Many nations offered a helping hand in the wake of the devastation left by Hurricane Katrina. Due to U.S. government disinterest or bureaucratic inability to process donations, however, much of the assistance offered by international donors was never used to help Katrina victims. According to the U.S. Government Accountability Office (GAO), of $854 million in recorded pledges from 151 foreign governments and organizations, only $115 million was received by the U.S. government as of September 21, 2005 A new research report "Accepting Disaster Relief from Other Nations: Lessons from Katrina and the Gulf Oil Spill" finds although some progress has occurred since Katrina, the experience with the 2010 BP oil spill in the Gulf of Mexico indicates that U.S. officials are still not taking adequate advantage of international assistance in responding to domestic disasters.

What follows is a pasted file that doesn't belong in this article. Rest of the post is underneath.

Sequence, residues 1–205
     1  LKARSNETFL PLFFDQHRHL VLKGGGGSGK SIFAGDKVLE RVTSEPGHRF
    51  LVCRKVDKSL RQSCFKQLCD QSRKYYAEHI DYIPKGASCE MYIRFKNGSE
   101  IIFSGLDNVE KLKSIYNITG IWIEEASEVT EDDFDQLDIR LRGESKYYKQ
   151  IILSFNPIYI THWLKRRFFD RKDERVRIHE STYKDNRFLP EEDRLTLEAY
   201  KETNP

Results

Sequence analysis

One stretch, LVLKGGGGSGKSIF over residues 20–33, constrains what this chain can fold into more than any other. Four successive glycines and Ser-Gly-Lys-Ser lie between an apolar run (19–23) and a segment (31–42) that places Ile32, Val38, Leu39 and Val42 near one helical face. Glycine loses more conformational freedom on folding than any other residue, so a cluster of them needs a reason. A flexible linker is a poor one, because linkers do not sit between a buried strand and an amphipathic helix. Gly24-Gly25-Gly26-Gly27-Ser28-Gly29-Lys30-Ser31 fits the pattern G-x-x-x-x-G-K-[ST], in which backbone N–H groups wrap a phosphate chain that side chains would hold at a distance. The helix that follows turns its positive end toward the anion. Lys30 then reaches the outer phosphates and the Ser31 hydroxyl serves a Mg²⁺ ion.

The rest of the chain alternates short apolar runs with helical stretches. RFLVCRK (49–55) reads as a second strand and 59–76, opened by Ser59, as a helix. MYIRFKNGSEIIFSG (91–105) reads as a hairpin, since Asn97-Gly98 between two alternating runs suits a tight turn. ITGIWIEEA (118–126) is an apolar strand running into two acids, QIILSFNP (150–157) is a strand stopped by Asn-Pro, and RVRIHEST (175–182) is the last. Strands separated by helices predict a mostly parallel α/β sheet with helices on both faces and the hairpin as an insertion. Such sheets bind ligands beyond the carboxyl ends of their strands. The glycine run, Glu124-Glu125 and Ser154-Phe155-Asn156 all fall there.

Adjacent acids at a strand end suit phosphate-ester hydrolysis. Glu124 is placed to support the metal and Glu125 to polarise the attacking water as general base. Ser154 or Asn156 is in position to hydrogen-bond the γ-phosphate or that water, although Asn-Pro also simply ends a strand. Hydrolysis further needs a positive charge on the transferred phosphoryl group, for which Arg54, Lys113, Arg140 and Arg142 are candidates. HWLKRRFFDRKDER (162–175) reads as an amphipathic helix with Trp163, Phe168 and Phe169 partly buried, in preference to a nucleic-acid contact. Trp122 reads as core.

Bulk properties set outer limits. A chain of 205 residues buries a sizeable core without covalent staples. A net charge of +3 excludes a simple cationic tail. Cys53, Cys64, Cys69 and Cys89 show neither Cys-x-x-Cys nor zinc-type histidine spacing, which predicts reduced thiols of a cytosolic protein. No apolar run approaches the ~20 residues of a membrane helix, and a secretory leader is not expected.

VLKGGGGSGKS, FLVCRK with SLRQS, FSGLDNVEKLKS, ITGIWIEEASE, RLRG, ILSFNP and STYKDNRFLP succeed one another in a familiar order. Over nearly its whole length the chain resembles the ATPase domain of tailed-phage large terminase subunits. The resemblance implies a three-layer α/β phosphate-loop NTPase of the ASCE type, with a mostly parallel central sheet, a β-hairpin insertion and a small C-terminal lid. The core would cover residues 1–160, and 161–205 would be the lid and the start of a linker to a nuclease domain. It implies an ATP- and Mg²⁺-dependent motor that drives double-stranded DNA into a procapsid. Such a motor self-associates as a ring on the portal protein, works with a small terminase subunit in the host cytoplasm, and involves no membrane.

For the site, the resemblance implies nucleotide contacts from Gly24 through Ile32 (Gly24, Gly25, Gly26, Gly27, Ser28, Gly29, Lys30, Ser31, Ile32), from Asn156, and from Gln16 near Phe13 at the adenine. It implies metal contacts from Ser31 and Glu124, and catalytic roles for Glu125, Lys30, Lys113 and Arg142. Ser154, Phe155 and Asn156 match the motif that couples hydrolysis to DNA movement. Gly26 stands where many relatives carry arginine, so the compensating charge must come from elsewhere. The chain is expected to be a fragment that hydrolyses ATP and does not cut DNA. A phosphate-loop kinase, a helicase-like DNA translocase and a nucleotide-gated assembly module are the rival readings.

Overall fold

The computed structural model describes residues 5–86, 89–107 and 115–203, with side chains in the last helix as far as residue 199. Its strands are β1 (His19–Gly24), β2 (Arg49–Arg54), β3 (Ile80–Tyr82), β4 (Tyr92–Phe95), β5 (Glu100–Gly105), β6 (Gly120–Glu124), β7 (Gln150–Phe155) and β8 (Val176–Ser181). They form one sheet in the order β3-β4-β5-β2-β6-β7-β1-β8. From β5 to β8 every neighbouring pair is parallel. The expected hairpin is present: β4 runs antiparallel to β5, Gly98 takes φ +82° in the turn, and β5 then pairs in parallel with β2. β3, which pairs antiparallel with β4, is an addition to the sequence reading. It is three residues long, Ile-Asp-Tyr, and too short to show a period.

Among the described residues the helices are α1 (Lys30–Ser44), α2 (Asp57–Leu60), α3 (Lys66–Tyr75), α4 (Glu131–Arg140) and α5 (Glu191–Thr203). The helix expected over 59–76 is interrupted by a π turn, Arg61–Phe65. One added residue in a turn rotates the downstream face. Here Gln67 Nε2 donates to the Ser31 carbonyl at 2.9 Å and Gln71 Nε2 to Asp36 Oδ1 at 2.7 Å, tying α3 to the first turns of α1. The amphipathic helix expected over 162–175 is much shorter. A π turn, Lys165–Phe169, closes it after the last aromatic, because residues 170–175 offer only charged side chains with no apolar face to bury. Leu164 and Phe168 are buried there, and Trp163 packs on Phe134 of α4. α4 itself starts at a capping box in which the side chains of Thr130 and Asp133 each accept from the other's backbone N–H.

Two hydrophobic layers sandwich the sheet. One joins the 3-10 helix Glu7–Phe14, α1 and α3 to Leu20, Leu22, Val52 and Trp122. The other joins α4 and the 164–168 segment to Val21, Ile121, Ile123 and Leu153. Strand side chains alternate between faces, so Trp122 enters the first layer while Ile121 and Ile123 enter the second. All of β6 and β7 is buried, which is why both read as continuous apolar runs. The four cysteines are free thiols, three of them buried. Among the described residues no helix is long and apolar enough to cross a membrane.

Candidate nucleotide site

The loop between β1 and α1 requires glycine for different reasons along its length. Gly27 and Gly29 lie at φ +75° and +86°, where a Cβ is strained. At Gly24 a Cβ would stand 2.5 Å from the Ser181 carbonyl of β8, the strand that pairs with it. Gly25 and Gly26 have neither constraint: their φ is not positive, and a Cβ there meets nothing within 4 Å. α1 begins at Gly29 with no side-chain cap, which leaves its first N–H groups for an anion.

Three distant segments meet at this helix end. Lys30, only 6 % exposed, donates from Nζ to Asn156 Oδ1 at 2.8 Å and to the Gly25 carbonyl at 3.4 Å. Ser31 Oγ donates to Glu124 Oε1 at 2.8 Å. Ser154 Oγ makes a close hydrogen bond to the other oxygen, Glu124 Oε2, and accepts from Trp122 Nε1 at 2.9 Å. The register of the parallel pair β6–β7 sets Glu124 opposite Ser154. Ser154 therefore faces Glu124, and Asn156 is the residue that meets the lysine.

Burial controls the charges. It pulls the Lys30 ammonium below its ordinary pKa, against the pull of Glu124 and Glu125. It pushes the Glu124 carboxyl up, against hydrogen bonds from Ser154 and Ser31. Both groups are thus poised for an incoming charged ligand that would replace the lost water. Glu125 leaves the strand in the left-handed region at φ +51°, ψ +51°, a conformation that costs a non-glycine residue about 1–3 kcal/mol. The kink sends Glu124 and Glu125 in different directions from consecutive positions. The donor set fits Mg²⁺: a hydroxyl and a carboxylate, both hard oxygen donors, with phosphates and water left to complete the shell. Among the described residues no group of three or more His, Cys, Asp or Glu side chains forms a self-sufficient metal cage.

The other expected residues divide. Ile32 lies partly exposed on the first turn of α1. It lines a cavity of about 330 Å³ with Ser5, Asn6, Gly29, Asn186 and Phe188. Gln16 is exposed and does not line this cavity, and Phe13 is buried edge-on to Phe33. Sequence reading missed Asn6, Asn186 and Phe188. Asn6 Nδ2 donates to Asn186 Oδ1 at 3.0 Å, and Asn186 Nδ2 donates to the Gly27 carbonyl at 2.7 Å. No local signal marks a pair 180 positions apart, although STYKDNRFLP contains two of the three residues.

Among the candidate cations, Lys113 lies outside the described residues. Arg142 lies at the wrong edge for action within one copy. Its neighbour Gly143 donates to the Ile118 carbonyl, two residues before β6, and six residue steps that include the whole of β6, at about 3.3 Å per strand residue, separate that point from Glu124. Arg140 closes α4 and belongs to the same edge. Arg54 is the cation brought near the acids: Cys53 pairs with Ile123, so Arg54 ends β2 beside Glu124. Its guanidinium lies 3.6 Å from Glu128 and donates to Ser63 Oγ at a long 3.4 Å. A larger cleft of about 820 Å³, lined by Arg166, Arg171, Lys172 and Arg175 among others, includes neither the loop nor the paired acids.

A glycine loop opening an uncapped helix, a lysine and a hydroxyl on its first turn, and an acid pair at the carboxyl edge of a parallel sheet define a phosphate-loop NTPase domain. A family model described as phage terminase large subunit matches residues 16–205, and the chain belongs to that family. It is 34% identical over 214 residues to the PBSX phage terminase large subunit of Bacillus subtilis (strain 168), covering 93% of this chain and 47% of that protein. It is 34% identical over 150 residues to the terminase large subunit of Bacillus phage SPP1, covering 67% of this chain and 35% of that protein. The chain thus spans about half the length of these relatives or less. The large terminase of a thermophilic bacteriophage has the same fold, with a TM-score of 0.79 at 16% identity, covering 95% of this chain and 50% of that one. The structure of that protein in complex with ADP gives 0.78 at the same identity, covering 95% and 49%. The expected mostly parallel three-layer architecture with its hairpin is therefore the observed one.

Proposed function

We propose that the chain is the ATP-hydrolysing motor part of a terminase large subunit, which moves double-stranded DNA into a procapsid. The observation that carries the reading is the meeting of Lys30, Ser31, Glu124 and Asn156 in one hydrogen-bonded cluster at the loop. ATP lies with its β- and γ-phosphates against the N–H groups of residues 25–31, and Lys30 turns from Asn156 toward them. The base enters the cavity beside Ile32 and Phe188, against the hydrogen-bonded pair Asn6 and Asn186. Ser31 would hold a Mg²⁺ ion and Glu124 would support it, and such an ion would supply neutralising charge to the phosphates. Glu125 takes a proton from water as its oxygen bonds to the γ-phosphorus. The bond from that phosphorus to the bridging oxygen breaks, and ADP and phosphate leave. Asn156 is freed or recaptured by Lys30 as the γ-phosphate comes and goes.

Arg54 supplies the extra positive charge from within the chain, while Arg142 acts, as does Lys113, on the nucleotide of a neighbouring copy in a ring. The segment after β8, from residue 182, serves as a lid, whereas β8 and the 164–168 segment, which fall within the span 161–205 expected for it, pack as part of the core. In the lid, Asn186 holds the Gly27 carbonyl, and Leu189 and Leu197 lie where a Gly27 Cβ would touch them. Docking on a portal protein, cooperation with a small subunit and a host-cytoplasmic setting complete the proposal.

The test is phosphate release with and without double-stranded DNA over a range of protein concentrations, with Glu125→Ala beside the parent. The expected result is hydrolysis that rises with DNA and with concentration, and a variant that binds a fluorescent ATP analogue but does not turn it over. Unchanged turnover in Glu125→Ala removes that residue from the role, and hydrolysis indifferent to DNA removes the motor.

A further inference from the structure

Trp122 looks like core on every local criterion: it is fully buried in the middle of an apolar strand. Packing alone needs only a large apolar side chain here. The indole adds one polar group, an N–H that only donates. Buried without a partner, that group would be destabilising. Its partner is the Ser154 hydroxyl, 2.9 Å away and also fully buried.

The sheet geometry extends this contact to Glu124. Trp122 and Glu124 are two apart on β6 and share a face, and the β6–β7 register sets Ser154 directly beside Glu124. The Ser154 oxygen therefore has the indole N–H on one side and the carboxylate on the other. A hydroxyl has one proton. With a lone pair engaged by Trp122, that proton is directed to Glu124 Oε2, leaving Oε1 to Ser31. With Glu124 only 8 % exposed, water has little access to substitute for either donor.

A report by The Heritage Foundation http://wwww.heritage.org concludes that America can, and must, do better. In particular, the report finds that the absence of a system to accept foreign assistance reflects a greater problem. The federal government still lacks a comprehensive regime for planning and preparing for large-scale disasters. In part, this shortfall is the product of an inadequate interagency process, the means by which federal agencies organize and cooperate with one another and their partners in state and local governments and the private sector. Fixing the problem will require renewed vigor from the Administration in setting clear policy guidelines, particularly in implementing a National Exercise Pro¬gram, emphasizing the priority of interagency disaster preparedness for the National Planning Scenarios, and improving professional development.